↓ Skip to main content

Replication initiatives will not salvage the trustworthiness of psychology

Overview of attention for article published in BMC Psychology, May 2016
Altmetric Badge

About this Attention Score

  • In the top 5% of all research outputs scored by Altmetric
  • Among the highest-scoring outputs from this source (#14 of 300)
  • High Attention Score compared to outputs of the same age (97th percentile)

Mentioned by

blogs
4 blogs
twitter
132 tweeters
facebook
1 Facebook page
wikipedia
1 Wikipedia page
googleplus
1 Google+ user
reddit
1 Redditor

Citations

dimensions_citation
15 Dimensions

Readers on

mendeley
100 Mendeley
You are seeing a free-to-access but limited selection of the activity Altmetric has collected about this research output. Click here to find out more.
Title
Replication initiatives will not salvage the trustworthiness of psychology
Published in
BMC Psychology, May 2016
DOI 10.1186/s40359-016-0134-3
Pubmed ID
Authors

James C. Coyne

Abstract

Replication initiatives in psychology continue to gather considerable attention from far outside the field, as well as controversy from within. Some accomplishments of these initiatives are noted, but this article focuses on why they do not provide a general solution for what ails psychology. There are inherent limitations to mass replications ever being conducted in many areas of psychology, both in terms of their practicality and their prospects for improving the science. Unnecessary compromises were built into the ground rules for design and publication of the Open Science Collaboration: Psychology that undermine its effectiveness. Some ground rules could actually be flipped into guidance for how not to conduct replications. Greater adherence to best publication practices, transparency in the design and publishing of research, strengthening of independent post-publication peer review and firmer enforcement of rules about data sharing and declarations of conflict of interest would make many replications unnecessary. Yet, it has been difficult to move beyond simple endorsement of these measures to consistent implementation. Given the strong institutional support for questionable publication practices, progress will depend on effective individual and collective use of social media to expose lapses and demand reform. Some recent incidents highlight the necessity of this.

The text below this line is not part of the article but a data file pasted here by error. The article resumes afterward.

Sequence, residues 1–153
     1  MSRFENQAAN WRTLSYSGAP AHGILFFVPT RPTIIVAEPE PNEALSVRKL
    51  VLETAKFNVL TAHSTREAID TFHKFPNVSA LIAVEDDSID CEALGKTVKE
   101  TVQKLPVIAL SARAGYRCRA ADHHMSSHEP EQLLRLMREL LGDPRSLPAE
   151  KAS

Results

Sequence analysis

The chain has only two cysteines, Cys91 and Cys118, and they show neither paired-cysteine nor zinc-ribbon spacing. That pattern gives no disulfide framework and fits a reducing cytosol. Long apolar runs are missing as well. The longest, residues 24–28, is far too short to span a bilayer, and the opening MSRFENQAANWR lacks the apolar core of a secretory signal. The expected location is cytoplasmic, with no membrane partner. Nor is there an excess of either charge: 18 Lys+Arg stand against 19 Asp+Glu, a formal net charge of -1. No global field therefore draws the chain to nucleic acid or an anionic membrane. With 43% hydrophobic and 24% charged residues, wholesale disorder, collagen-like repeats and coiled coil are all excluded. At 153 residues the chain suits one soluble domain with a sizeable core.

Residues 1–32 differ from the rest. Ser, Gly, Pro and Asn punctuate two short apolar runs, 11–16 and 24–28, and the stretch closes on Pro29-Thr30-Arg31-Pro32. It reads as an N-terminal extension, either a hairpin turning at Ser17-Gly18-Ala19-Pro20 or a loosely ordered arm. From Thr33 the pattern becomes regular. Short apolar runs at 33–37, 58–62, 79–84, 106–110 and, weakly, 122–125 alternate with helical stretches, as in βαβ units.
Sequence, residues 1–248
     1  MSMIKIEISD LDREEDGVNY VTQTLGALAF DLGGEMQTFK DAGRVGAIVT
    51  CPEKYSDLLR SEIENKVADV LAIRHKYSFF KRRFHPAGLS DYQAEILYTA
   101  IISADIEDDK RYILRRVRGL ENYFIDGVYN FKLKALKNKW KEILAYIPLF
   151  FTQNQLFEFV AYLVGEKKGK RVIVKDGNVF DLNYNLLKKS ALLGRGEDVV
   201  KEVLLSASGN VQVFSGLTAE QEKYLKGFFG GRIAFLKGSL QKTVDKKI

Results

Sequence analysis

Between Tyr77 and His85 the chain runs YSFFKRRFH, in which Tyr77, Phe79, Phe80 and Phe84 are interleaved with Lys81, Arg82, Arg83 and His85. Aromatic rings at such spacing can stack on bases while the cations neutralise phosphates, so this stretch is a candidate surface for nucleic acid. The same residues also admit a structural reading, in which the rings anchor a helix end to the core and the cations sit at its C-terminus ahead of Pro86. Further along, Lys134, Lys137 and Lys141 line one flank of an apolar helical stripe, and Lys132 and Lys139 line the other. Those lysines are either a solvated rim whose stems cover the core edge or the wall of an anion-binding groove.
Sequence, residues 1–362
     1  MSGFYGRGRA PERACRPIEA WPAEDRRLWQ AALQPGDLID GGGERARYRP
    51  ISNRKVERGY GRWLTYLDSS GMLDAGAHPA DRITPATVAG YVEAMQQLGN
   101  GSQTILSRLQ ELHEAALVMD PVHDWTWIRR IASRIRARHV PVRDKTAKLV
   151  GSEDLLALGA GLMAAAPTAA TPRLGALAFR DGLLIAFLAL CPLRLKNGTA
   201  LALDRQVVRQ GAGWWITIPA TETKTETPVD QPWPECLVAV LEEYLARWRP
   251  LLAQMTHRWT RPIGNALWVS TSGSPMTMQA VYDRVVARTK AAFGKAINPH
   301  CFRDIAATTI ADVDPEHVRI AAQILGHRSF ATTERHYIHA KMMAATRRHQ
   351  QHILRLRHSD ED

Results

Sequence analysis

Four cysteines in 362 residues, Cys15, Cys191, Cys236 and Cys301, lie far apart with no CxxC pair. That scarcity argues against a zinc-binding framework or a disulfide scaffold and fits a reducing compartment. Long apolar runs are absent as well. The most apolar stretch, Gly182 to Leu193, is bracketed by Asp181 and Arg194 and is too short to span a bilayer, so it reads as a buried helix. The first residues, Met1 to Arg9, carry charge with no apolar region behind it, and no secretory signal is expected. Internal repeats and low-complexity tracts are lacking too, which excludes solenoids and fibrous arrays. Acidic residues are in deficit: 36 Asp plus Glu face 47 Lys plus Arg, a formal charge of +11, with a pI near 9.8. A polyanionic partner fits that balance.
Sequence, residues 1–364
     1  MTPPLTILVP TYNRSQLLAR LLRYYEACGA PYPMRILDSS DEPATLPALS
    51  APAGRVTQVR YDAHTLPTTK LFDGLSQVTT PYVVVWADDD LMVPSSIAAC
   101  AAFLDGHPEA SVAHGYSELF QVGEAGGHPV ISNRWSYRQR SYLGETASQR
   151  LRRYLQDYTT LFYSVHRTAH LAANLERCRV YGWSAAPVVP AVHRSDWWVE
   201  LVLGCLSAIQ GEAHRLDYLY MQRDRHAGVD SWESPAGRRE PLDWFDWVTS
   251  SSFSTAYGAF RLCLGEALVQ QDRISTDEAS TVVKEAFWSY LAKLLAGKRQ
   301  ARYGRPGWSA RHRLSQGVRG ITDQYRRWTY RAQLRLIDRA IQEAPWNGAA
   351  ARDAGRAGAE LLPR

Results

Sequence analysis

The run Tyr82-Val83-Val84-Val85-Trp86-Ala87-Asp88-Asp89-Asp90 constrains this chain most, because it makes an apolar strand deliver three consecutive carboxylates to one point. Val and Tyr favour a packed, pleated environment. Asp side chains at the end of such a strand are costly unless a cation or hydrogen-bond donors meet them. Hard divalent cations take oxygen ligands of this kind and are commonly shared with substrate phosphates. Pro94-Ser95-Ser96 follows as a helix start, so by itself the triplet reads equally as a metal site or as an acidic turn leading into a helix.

Twitter Demographics

The data shown below were collected from the profiles of 132 tweeters who shared this research output. Click here to find out more about how the information was compiled.

Mendeley readers

The data shown below were compiled from readership statistics for 100 Mendeley readers of this research output. Click here to see the associated Mendeley record.

Geographical breakdown

Country Count As %
United States 3 3%
United Kingdom 2 2%
Norway 1 1%
Denmark 1 1%
Switzerland 1 1%
Hungary 1 1%
Belgium 1 1%
Canada 1 1%
Unknown 89 89%

Demographic breakdown

Readers by professional status Count As %
Student > Ph. D. Student 23 23%
Researcher 16 16%
Student > Master 15 15%
Student > Bachelor 11 11%
Student > Postgraduate 7 7%
Other 28 28%
Readers by discipline Count As %
Psychology 50 50%
Social Sciences 10 10%
Medicine and Dentistry 9 9%
Unspecified 9 9%
Neuroscience 4 4%
Other 18 18%

Attention Score in Context

This research output has an Altmetric Attention Score of 104. This is our high-level measure of the quality and quantity of online attention that it has received. This Attention Score, as well as the ranking and number of research outputs shown below, was calculated when the research output was last mentioned on 08 April 2019.
All research outputs
#151,721
of 13,478,330 outputs
Outputs from BMC Psychology
#14
of 300 outputs
Outputs of similar age
#5,841
of 268,221 outputs
Outputs of similar age from BMC Psychology
#1
of 1 outputs
Altmetric has tracked 13,478,330 research outputs across all sources so far. Compared to these this one has done particularly well and is in the 98th percentile: it's in the top 5% of all research outputs ever tracked by Altmetric.
So far Altmetric has tracked 300 research outputs from this source. They typically receive a lot more attention than average, with a mean Attention Score of 22.5. This one has done particularly well, scoring higher than 95% of its peers.
Older research outputs will score higher simply because they've had more time to accumulate mentions. To account for age we can compare this Altmetric Attention Score to the 268,221 tracked outputs that were published within six weeks on either side of this one in any source. This one has done particularly well, scoring higher than 97% of its contemporaries.
We're also able to compare this research output to 1 others from the same source and published within six weeks on either side of this one. This one has scored higher than all of them